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21 Feb 2019

It's a long fall from the top: Building Commissioner to keep an eagle eye on high-rise construction in NSW

By Lina Fischer, Caitlin Oxley

The NSW building industry must now consider how the new obligations under the proposed plan will affect them, including how reporting to the Building Commissioner will affect building timeframes.

The biggest overhaul of building laws in NSW history is coming soon! Building owners, designers, developers and builders need to act now and get ready for the changes that will soon apply to the high-rise construction industry in NSW.

What's the plan for multi-storey residential buildings?

On Sunday February 11th, the Minister for Innovation and Better Regulation Matt Kean announced the NSW Government's plan to appoint a Building Commissioner to oversee and approve construction of new multi-storey residential buildings and to ensure building practitioners are competent.

The plan aims to fix the existing system for ensuring high-rise buildings are constructed safely and in accordance with the National Construction Code (NCC) and will provide important oversight and accountability for the NSW construction industry. The changes are designed to be an important step towards regaining consumers' confidence in their buildings and in the people who design, build and maintain them.

Under the plan, the new Building Commissioner would act as the consolidated building regulator in NSW and would be responsible for:

  • registering, licensing and auditing building practitioners;
  • receiving copies of building plans and conducting audits; and
  • enforcing the new laws to be implemented.

Building practitioners involved in designing buildings will be required to declare that plans are BCA compliant and builders will need to declare that buildings have been constructed in accordance with those plans. This is intended to reduce the current practice of builders making variations from plans and specifications without proper consultation with the consultant team and the certifier. 

A key component of the plan will be amending the existing laws to provide that building practitioners have a duty of care to homeowners and owners corporations, including successors in title, giving affected parties the right to compensation where a building practitioner has been negligent. The aim of this proposal is to send a message to all parties involved in the construction process that they will be held accountable for their particular responsibilities. This represents a significant shift from the current position at law under Brookfield Multiplex Ltd v Owners Corporation Strata Plan 61288, where the High Court found that the builder did not owe a duty of care to the developer or owners corporation

The Shergold-Weir Report

The NSW Government's plan is based on 24 recommendations made in the final report of Professor Peter Shergold AC and Bronwyn Weir (Shergold-Weir Report), who spent six months examining the effectiveness of compliance and enforcement systems for the building and construction industry across Australia.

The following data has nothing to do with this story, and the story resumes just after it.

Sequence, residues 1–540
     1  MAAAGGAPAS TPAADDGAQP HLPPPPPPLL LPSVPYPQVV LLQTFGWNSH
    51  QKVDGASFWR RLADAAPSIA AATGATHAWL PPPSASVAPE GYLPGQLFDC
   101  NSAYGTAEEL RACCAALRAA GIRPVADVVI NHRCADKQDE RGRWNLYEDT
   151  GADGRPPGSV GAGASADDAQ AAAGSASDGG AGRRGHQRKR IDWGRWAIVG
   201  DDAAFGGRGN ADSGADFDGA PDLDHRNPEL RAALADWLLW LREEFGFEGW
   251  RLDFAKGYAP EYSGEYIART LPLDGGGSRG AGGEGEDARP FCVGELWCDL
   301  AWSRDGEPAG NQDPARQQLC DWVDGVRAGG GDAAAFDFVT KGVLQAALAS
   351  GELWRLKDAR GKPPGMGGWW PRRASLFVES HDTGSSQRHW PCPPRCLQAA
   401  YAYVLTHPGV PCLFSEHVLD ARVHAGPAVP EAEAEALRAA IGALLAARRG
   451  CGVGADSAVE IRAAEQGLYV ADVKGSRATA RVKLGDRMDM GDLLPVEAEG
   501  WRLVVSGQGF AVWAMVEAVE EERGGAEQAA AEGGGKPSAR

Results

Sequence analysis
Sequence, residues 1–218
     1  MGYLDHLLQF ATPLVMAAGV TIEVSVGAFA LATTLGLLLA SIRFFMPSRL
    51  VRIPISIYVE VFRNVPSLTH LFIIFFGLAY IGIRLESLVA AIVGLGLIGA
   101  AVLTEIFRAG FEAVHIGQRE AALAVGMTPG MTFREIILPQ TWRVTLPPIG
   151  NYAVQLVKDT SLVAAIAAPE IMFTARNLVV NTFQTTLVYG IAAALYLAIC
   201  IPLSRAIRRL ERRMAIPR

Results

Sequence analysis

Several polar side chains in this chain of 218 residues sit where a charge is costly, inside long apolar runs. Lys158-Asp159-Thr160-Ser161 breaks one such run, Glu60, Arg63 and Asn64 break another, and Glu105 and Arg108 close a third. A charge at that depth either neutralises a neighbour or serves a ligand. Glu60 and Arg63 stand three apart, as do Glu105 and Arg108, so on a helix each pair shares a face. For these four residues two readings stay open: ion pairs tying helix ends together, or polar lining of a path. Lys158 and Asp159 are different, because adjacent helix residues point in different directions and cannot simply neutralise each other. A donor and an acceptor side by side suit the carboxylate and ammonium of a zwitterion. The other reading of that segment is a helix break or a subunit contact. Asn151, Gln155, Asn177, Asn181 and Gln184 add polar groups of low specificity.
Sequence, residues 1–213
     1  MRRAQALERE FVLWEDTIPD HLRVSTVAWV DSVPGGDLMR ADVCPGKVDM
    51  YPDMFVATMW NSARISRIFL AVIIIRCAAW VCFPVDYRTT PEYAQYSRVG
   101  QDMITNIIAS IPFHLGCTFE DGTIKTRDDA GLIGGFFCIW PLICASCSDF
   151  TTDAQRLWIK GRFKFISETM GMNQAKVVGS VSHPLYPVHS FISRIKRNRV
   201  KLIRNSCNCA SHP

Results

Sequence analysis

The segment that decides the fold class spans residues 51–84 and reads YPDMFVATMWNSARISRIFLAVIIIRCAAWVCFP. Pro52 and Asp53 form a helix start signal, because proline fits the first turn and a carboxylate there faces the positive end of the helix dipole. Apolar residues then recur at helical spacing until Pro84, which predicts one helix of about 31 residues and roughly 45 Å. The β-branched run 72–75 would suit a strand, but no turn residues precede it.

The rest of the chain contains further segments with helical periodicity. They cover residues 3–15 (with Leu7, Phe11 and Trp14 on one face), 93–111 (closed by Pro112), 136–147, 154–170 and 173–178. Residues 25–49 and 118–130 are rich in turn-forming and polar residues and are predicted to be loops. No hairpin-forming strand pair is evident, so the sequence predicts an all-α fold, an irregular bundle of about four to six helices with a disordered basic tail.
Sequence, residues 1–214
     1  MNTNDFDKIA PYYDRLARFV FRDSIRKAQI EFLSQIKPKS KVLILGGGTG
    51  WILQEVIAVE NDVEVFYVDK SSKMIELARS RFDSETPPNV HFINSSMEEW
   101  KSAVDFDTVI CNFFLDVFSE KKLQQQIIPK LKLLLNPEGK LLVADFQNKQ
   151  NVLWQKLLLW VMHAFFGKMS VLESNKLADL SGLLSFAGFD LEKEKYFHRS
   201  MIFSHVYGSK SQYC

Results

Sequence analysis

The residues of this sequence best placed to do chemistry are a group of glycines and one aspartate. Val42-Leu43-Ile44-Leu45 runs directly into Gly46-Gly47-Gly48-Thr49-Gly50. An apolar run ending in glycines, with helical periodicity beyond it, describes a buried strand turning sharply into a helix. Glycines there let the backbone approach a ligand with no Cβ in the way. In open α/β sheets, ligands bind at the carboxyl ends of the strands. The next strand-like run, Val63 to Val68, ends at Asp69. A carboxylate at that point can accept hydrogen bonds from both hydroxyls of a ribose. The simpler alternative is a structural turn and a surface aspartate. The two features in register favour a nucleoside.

The Shergold-Weir Report found that there were "significant and concerning" problems with the national construction industry. It concluded that these problems have led to diminishing public confidence that the building and construction industry can deliver compliant, safe buildings which will perform to expected standards over the long term.  

The Report also stated that there had been suggestions that large numbers of practitioners currently operating in the industry either lacked competence, did not properly understand the National Construction Code and/or had never received proper training on the Code's implementation. It found that until relatively recently there had been almost no effective regulatory oversight of the commercial building industry by regulators and that those involved in high-rise construction had been largely left to their own devices. 

Key recommendations from the Shergold-Weir Report that will be supported by the NSW Government include ensuring that:

  1. building designers (including engineers) declare that building plans comply with the Building Code of Australia;
  2. builders declare that buildings have been built according to their plans; and
  3. building designers and builders are registered. 

How to get prepared for the NSW Building Commissioner

The plan to appoint a new Building Commissioner in NSW will have a significant impact on all construction industry participants. The task ahead now for all industry members is to:

  • consider how the new obligations under the proposed plan will affect you, including how reporting to the Building Commissioner will affect building timeframes;
  • understand all existing obligations of building practitioners under the NCC;
  • get ready for the licensing and registration of building designers and builders;
  • conduct an audit of all building products and processes used ‒ you could be held liable under new laws;
  • consider liability and recovery of costs clauses in contracts with building practitioners; and
  • consider the impact of the new regime on the insurance market ‒ including the availability and pricing of professional indemnity insurance.

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Clayton Utz communications are intended to provide commentary and general information. They should not be relied upon as legal advice. Formal legal advice should be sought in particular transactions or on matters of interest arising from this communication. Persons listed may not be admitted in all States and Territories.